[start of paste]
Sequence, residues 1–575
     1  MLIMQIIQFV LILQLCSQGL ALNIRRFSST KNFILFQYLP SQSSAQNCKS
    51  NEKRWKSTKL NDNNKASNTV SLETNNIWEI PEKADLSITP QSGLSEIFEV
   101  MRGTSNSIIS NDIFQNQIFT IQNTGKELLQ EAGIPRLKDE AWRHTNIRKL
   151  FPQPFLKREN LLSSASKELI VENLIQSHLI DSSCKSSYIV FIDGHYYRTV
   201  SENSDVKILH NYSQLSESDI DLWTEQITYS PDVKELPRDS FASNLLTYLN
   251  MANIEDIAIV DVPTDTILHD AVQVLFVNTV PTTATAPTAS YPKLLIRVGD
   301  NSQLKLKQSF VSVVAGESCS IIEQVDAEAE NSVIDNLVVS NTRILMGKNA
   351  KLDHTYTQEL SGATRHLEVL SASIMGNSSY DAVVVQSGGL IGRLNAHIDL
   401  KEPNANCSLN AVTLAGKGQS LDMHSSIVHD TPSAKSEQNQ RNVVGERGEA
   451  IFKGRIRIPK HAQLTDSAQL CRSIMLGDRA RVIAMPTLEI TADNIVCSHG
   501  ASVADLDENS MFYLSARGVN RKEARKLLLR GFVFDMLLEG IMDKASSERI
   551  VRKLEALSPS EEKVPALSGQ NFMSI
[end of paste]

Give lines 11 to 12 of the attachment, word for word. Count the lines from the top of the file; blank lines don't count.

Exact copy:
   451  IFKGRIRIPK HAQLTDSAQL CRSIMLGDRA RVIAMPTLEI TADNIVCSHG
   501  ASVADLDENS MFYLSARGVN RKEARKLLLR GFVFDMLLEG IMDKASSERI